Rain and fog flow through Nebraska

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A damp day is on the way Tuesday with periods of light rain or drizzle. Some dense fog is also possible. The good news is that despite a lot of cloud cover still lingering around, temperature will be warming up. Temperatures will range from the low to mid 40s in the northeast to as warm as near 60° in the southwest.

The main upper level low pressure system is expected to move out into the Plains Tuesday night into Wednesday. This will bring better chances for rain and thunderstorms into the area. Rainfall at times could be heavier. It is at this time that a FLOOD WATCH will go into effect for a large portion of the area. The potential for 1 to 3 inches of rain (some falling quickly), combined with rapid snow melt, a deep layer of frozen ground, and already aggravated river levels due to ice jamming will heighten the flooding threat for much of the area. The bulk of this rain will fall from midnight through noon on Wednesday. The rain will be accompanied by some thunder.

Getting into Wednesday afternoon and evening, the surface low pressure system will be approaching from the southwest. As it gets closer one or two bands of precipitation will develop near the low. Those bands have the potential to produced an isolated severe thunderstorm. While it is unlikely, there is an outside shot at an isolated brief spin-up tornado.

Meanwhile, Wednesday morning marks the beginning of what should be a significant winter storm with blizzard conditions in Western Nebraska. By the afternoon, areas of moderate to heavy snowfall are expected west of a line from Ainsworth to Imperial. Winds will be fairly strong out of the north and will strengthen. High temperatures on Wednesday will range from as warm as 60 degrees in Southeast Nebraska to as cool as the 30s in the northwest. Some of those places in the northwest will experience falling temperatures, which will allow to rain to change over to snow. There could be a brief period of a wintry mix of precipitation during the transition from rain to snow with the best chance in North Central Nebraska.

Colder air will continue to advance east southeast heading into Wednesday night. This will be on the back of strengthening north northwest winds. After midnight, winds could get as high as 30 to 40 mph with gusts of 50 to 60 mph. Blizzard conditions are expected in the northwest with continued snowfall. Meanwhile, the rain/snow line will continue to march east southeastward as the colder air pushes in. Around or after midnight, rain should change over to snow in the Tri-Cities area. By that point, snowfall rates should get a little lower as some of the moisture from this system gets cut off by thunderstorms to our east. That said, there could be a brief period of time where a band of heavy snowfall somewhere in Central Nebraska could lead to higher snowfall rates and potential blizzard conditions. While 1 to 3 inches of snow is possible, some higher amounts around 4 or 5 inches will be possible. While conditions won't be nearly as bad as in the Panhandle, it could still get dicey early Thursday morning.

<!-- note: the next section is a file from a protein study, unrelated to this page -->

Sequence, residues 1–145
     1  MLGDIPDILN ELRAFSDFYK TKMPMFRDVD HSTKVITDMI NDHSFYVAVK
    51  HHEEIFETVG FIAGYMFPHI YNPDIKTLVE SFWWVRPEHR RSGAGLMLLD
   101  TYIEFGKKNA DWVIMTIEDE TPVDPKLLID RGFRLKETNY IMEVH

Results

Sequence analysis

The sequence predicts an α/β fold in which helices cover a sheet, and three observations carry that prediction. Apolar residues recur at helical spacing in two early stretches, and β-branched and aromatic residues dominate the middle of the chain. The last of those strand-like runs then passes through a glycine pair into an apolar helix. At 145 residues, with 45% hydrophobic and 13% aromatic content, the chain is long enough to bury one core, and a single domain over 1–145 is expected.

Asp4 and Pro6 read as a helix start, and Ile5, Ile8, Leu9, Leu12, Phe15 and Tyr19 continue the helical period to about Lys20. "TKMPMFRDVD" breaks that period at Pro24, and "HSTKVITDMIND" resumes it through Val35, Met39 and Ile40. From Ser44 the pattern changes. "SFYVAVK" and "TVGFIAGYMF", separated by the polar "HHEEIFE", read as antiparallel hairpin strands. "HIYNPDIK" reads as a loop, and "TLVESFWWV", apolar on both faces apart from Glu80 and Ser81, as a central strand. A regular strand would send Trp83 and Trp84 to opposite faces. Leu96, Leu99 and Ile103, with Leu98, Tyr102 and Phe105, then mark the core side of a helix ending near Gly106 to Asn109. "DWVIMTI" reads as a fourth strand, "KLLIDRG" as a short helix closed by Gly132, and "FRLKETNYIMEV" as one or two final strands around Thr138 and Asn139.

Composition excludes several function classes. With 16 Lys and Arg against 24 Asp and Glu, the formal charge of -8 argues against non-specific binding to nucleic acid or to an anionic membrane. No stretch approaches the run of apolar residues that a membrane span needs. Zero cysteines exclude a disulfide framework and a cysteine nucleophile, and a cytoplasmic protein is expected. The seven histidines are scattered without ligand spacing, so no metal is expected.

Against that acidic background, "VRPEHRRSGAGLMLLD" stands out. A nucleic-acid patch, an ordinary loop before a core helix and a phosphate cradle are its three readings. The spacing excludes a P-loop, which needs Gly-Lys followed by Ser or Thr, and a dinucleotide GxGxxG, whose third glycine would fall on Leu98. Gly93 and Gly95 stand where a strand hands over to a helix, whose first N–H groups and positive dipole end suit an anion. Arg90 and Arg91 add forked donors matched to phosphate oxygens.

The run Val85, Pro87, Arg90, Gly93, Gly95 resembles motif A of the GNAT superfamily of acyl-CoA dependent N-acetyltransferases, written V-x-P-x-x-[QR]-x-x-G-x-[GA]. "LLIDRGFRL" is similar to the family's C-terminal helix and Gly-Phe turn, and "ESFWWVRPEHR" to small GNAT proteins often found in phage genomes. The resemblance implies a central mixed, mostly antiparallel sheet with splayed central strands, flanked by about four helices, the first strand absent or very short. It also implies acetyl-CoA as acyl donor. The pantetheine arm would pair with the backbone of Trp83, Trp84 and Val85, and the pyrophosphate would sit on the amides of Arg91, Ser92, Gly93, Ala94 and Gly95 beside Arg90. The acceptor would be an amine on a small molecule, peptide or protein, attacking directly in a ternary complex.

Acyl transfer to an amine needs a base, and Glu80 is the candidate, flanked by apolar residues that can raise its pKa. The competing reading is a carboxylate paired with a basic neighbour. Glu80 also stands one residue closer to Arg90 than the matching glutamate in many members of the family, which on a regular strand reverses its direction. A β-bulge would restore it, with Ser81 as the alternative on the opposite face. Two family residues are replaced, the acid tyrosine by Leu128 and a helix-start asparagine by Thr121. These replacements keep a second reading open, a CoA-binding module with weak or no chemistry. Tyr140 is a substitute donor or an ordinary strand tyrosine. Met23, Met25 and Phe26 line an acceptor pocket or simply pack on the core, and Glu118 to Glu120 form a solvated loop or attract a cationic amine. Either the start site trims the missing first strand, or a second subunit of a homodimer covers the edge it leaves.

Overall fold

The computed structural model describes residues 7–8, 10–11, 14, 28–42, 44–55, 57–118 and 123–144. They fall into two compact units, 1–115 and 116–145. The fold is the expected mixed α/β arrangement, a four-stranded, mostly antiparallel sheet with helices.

Period of snow are expected to continue on Thursday, although the snowfall rates will continue to lower over time. Snow will also start to clear out from west to east through the day and should be out of the area by the end of the day. What won't be ending is the strong winds which will continue to be strong out of the northwest. Wind speeds of 35 to 45 mph with gusts of 55 to 65 mph will continue. High temperatures will mostly be in the 30s or near 40° in the east..

Thursday night, winds speeds will slowly start to lighten, but will be quite noticeable through the night. While still blustery Friday morning, those winds will continue to lighten up through the day and should be much more tolerable by the end of the day. With mostly sunny skies on Friday, highs will range from near 30° in Northern Nebraska to the mid 40s in North Central Kansas.

Mainly sunny skies are anticipated this weekend and early next week. We shouldn't have to deal with to much wind. Highs will return well into the 40s, if not even push into the 50s for much of the area. Areas of greater snowpack will be held down the most temperature-wise.